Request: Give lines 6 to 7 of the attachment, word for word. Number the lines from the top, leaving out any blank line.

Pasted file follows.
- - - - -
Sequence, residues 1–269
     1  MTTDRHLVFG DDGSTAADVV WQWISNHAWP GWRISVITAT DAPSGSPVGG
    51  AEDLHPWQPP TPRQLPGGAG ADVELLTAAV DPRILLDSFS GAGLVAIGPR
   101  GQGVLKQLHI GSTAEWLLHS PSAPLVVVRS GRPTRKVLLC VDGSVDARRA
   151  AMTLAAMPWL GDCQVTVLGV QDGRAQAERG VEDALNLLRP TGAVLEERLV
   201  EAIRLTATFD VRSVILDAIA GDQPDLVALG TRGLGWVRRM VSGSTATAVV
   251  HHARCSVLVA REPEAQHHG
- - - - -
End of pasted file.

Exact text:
   201  EAIRLTATFD VRSVILDAIA GDQPDLVALG TRGLGWVRRM VSGSTATAVV
   251  HHARCSVLVA REPEAQHHG